We often talk about the huge public debt of the US government. Why does it not invest in the stock market (at least in index funds) instead of issuing debt? Can they not reduce the debt that way?

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    $\begingroup$ To invest in stocks you need to first spend money. To issue debt you first get money. The government issues debt to get money to cover expenditures in excess of revenues. $\endgroup$
    – BB King
    Commented Feb 12, 2020 at 4:48
  • $\begingroup$ Governments outside the US sometimes do something like that, when they have excess funds... Google "sovereign wealth fund". (Per @BBKing's comment that excess situation typically doesn't apply to the US.) With such funds, the issue is what prudential measures apply it, so the "nation's wealth" isn't wasted in some market crash etc. $\endgroup$ Commented Feb 12, 2020 at 5:46
  • $\begingroup$ Sovereign wealth funds (at least in theory) generate their revenues without resorting to monetary policy. For example, Norway's fund is supported by royalties from oil and gas operations. But if you look at the holdings of Norway's fund (see here nbim.no/en/the-fund/holdings/holdings-as-at-31.12.2018/…), you will see that NONE of it is held in Norway-domiciled companies. $\endgroup$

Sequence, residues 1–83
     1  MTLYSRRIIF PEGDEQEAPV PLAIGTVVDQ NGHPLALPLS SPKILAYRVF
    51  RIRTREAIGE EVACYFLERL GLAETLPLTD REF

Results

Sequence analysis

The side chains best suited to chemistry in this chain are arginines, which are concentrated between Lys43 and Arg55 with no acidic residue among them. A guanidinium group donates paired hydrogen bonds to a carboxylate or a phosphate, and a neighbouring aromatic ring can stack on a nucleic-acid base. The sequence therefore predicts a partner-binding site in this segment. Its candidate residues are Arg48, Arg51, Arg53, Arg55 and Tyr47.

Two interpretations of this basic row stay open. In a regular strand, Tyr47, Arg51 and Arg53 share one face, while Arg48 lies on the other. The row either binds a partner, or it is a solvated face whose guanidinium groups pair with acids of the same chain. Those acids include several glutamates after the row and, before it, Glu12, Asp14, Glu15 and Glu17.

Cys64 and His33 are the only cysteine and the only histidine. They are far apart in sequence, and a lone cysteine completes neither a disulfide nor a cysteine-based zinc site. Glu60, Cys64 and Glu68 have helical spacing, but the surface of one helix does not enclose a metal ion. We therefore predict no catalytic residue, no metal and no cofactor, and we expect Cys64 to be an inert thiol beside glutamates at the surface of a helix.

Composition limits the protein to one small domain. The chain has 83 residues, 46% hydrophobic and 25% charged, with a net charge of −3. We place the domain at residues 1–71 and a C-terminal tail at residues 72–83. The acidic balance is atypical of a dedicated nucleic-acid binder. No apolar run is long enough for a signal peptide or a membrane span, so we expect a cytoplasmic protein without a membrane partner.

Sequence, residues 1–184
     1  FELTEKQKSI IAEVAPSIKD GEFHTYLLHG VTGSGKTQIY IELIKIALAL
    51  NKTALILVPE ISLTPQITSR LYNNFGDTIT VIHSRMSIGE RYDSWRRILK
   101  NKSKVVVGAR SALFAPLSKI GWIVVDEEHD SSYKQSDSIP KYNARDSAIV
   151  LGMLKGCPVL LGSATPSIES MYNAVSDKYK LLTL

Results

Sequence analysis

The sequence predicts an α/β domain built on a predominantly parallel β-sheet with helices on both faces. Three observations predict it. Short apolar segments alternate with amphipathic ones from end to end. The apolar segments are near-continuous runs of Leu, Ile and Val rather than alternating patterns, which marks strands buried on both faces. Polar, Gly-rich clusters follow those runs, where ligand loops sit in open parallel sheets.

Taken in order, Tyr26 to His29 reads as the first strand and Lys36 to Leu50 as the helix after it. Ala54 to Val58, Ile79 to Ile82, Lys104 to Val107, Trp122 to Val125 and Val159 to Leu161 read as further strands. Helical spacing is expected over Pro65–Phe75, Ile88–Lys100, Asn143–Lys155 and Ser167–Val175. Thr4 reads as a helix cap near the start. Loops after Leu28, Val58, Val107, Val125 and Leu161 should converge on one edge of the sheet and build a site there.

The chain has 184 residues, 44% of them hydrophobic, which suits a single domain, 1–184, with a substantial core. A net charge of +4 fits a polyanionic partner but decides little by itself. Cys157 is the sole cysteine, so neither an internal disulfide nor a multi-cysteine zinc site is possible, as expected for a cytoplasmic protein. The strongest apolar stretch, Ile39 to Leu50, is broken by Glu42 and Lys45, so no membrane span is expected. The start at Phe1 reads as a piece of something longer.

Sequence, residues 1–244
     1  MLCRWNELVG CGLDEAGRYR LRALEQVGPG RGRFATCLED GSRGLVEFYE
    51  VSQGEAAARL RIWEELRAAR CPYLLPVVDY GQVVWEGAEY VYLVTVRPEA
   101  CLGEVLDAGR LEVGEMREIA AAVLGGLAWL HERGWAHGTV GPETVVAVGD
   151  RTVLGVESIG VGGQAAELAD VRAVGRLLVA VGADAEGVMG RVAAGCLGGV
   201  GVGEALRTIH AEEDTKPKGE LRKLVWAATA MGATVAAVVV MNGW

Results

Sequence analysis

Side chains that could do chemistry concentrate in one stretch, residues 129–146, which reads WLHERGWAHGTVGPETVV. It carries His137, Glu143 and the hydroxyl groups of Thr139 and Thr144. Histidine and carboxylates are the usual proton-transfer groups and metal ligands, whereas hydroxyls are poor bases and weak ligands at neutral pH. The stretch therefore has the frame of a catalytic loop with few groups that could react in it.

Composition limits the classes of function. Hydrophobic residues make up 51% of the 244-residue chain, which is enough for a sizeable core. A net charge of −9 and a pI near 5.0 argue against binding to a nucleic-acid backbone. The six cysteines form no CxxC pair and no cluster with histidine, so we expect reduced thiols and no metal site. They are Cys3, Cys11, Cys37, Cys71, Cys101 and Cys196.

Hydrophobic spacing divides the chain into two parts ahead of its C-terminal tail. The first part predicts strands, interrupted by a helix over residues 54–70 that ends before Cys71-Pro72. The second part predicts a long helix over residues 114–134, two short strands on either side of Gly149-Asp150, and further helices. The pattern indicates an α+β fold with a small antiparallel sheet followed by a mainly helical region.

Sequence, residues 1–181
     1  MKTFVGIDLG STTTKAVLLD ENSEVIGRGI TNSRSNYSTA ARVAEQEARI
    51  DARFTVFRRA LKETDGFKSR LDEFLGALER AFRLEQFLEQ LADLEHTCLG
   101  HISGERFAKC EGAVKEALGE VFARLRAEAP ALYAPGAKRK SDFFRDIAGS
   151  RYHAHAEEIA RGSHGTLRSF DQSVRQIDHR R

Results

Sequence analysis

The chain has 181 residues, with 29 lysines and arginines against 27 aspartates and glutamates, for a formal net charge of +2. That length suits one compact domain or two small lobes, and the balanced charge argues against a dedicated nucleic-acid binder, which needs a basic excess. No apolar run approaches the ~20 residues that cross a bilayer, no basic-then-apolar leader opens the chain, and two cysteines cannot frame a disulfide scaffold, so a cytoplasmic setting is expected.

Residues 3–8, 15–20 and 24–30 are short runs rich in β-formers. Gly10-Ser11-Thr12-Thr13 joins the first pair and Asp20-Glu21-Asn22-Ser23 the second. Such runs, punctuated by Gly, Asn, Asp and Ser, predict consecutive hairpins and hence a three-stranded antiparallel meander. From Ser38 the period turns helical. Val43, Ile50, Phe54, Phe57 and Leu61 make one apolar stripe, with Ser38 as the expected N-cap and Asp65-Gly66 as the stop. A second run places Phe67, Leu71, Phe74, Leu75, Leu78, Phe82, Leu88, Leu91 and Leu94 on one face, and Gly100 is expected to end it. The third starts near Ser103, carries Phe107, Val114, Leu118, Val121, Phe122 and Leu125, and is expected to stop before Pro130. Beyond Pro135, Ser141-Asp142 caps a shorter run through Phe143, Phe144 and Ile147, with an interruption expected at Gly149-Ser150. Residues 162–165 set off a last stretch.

– heh
    Commented Feb 12, 2020 at 15:43
  • $\begingroup$ Investing runs completely counter to the ability to tax its citizens. The government doesn't need to invest to generate income. Taxation, by its very definition, is the government's income. It issues debt when tax revenue no longer covers the cost to run government programs. Why risk tax revenue in equities when all they can do is raise taxes? $\endgroup$
    – Queue Mann
    Commented Mar 13, 2020 at 19:07

1 Answer 1


The US government could do that but policies prohibit this, since buying a specific company's stock benefits the shareholders of that company. This would be a huge conflict of interest.

Another answer by Paul Mulwitz, an online commentator, says “If the government bought ownership in private companies they would no longer be private companies. “

A good example would be if the US government invested in Apple computers. Would it act against the company in case of a violation? There would be a conflict of interest.

Side note, What does the government invest in?

According to the CBO (https://www.cbo.gov/publication/55375) in 2018, the federal government spent $492 billion on investment—for physical capital, education and training, and research and development—which represented 12 percent of federal spending and 2 percent of GDP.

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    $\begingroup$ I'm not sure this is an entirely convincing argument. "Too big to fail" applied to private companies aplenty in the 2008 crisis, even if not all. Also, just having [domestic] jobs on the line sometimes does make the gov't skittish to take action against a company. See Trudeau and SNC-Lavalin etc. $\endgroup$ Commented Feb 12, 2020 at 5:38

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